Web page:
only component of this plan, however. These dams are part of a joint
government and multinational corporate vision to create a transportation
infrastructure for soy and other agribusiness products and for mining
commodities such as gold and bauxite. After the completion of the dams,
reservoirs will be formed allowing barge traffic along the river in areas
that are not currently navigable.

What are the human and environmental costs of this vision? We just need to
look at the nearby mega-project, Belo Monte dam, on the Xingu River to see
the consequences. When completed, the Belo Monte dam will displace
hundreds of thousands of people, four times more than government
estimates. But that is not all: Norte Energía (the consortium behind the
Belo Monte dam) and the federal government agencies have also failed to
implement required mitigation measures. According to MAB, families
affected by the construction of Belo Monte have yet to be relocated or
properly compensated. Many live in areas without access to fresh water,
electricity, health care, schools or other necessary infrastructure.
Instead of promised compensation, the dam has left a trail of human rights
violation and disrespect for traditional people and biodiversity. If Belo
Monte is any example, the much larger Tapajos Complex will expel thousands
of families with absolutely no compensation as well.

In fact, Tapajos could be even worse; this unprecedented mega- project
involves the construction of six dams, with an estimated power potential
of 10,700 MW – more than the largest hydroelectric dam in USA, Grand
Coulee Dam, whose three power plants have a capacity of 6,809 MW. The dams
will change the Tapajos River’s natural course, inundating an area as
large as the city of São Paulo, slightly larger in size than the state of
Rhode Island. Indigenous, riverine communities and others living along or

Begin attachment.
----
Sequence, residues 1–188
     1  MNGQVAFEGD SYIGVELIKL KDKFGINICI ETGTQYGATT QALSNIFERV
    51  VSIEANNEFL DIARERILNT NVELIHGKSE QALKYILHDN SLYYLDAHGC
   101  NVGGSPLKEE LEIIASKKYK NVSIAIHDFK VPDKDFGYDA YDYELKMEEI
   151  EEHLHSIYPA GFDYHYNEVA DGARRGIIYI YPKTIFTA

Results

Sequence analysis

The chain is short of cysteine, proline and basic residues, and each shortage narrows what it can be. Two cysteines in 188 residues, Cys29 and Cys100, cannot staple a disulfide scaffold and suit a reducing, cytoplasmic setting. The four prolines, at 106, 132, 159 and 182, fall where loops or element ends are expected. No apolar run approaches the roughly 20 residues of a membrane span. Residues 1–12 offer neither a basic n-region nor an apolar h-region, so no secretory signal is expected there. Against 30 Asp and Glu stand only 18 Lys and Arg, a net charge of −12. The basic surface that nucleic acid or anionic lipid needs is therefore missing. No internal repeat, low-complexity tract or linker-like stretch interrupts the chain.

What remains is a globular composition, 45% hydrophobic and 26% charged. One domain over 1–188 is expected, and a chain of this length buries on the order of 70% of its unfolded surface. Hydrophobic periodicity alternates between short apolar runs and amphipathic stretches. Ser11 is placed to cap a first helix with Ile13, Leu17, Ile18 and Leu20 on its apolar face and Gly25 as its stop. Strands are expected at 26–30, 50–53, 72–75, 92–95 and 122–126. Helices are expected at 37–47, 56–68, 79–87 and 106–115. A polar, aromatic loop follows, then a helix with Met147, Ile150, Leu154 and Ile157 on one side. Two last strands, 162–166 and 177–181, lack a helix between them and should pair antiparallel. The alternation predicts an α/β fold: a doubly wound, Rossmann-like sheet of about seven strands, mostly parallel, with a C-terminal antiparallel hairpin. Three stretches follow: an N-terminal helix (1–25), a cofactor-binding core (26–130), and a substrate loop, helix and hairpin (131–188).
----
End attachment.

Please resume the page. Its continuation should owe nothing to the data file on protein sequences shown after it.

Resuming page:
near the river run the risk of being displaced.

But people are building resistance, and at the forefront is one of
Grassroots International’s partners, the Movement of People Affected by
Dams (MAB).

Leading the resistance
MAB has more than 20 years of experience organizing – and winning
victories – around territory, water and energy sovereignty. A national
movement, MAB defends the rights of women and men affected by
hydroelectric dams. The movement also represents thousands of families
throughout Brazil who have already been displaced or are being threatened
with the loss of their homes and livelihoods. MAB is building a strong
resistance movement, which seeks an alternative development model that
integrates people in the decision-making process, where the sustainability
of the environment, culture, and communities is at the center.

In June 2013, MAB gained a significant victory: all the technical and
environmental studies required before dam construction along the Tapajos
River could begin were suspended. This was a result of the organized
resistance, including the action of the Mundurukus, who detained three
biologists for invading their territory, without permission, to collect

Although this was an important advance in the struggle, it was not the end
of their journey. In the blink of an eye, in August, the government
started the technical and environmental studies once again, without the
required Free, Prior and Informed Consent (FPIC) of affected communities.
The FPIC established through the International Labor Organization’s
Convention 169 says governments must provide indigenous peoples with
advance information about any proposed projects on their territories, and
that those projects can only move forward if the indigenous communities

And when it comes to the dams along the Tapajos River, the community
doesn’t consent – at all. They are fighting back. During the International
Day of Action Against Dams and for Rivers, Water and Life (March 14), MAB
took to the streets all around the country, organizing massive
mobilizations, blocking highways and occupying tolls, energy companies’
headquarters and other governmental agencies. They demanded a national
policy of rights for populations affected by dams and the immediate
cancelation of the Tapajos dam complex.

The Tapajos dam complex would be the death of one of the most spectacular
rivers in Brazil and the destruction of immense ecological corridors.
According to Yara Naí, an activist from MAB, this project is an
environmental, economic, social and cultural crime which compromises
human, animal and botanical life and disrespects the indigenous people’s
territories and governmental and international agreements. Hydroelectric
dams are not an innovative economic model for the Amazon region or Brazil,
but rather an outdated idea that will destroy natural resources, pollute
rivers, land and air and violate the rights of local and indigenous